The adage “Dogs are men’s best friends” can be seen throughout history, even during the world’s two major conflicts. Even during the First World War, dogs acted as both workers and companions both in the front lines and in the home front.
They buoyed the spirits in those weary, war-torn times and even maintained the ideals of sacrifice and loyalty. However, during the Great War, which dog would have been preferred by families — a Terrier or a Dachshund?
Know this and more on March 26, Thursday, as Dr. Philip Howell, a Victorian and Edwardian Britain expert and a senior lecturer at the University of Cambridge’s Department of Geography, talks about the plight of dogs during the Great War not just in the front lines but also in the British home front.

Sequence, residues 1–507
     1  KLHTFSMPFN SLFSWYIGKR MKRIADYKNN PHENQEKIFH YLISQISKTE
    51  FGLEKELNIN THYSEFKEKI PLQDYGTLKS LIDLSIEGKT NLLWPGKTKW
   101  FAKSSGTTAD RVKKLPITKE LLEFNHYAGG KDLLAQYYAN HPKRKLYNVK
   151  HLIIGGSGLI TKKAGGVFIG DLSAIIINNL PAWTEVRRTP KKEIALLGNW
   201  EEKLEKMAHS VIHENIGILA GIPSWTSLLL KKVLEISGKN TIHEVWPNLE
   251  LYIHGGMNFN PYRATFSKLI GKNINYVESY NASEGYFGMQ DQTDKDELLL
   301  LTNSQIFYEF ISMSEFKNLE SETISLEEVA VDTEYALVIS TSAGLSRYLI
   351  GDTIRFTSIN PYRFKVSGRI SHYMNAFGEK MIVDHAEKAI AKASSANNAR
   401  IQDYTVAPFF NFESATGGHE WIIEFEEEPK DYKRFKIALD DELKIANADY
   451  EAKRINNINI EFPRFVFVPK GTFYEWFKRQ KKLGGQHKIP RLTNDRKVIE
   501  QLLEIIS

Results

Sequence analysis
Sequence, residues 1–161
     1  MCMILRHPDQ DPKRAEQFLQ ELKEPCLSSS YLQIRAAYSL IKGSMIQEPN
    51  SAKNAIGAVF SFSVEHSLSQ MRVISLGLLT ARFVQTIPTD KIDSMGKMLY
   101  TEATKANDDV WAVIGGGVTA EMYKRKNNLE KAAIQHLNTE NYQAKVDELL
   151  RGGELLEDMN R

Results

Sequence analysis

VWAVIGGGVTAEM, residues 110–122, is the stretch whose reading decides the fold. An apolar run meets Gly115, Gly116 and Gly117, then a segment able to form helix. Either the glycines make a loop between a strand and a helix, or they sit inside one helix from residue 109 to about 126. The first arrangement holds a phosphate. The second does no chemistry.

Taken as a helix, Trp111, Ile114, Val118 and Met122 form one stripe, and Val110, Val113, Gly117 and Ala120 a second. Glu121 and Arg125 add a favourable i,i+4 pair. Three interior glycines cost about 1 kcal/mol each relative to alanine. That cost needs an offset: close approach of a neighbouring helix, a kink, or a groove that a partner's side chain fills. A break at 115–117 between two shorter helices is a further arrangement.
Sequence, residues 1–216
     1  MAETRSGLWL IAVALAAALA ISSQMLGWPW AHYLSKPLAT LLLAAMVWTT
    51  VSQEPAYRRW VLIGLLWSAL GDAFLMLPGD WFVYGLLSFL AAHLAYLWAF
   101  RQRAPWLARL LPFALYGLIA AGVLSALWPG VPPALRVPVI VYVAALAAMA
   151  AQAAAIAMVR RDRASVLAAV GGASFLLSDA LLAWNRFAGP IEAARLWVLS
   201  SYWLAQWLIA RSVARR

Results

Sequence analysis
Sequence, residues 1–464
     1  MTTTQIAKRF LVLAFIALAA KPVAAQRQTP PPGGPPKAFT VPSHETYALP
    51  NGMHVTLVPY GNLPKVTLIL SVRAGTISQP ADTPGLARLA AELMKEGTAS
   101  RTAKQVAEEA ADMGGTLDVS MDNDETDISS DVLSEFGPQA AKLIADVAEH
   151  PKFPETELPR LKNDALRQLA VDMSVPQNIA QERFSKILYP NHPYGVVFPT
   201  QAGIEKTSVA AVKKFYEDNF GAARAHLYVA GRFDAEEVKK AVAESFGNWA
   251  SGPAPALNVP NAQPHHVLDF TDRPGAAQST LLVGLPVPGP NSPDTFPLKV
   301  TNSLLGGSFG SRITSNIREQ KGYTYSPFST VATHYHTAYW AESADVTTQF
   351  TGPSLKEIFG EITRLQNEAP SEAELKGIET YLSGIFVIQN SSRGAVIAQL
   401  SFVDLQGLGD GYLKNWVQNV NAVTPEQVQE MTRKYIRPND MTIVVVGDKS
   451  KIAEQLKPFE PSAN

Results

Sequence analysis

Discover how our faithful canine friends became vulnerable — how certain breeds became unpopular among Britons and how in one time, keeping dogs were considered an unpatriotic act as food became sparse and bomb threats loomed heavily in the air.
The talk Dogs and the Home Front will take place in Bishopsgate Institute on the above-mentioned date at 7:30 PM. Tickets are sold at £9 for adults and £7 concessions. Furthermore, there is an ongoing exhibit at the Bishopgate Institute Library – Dogs of the First World War – which is free for everybody and is open until the 26th of June this year.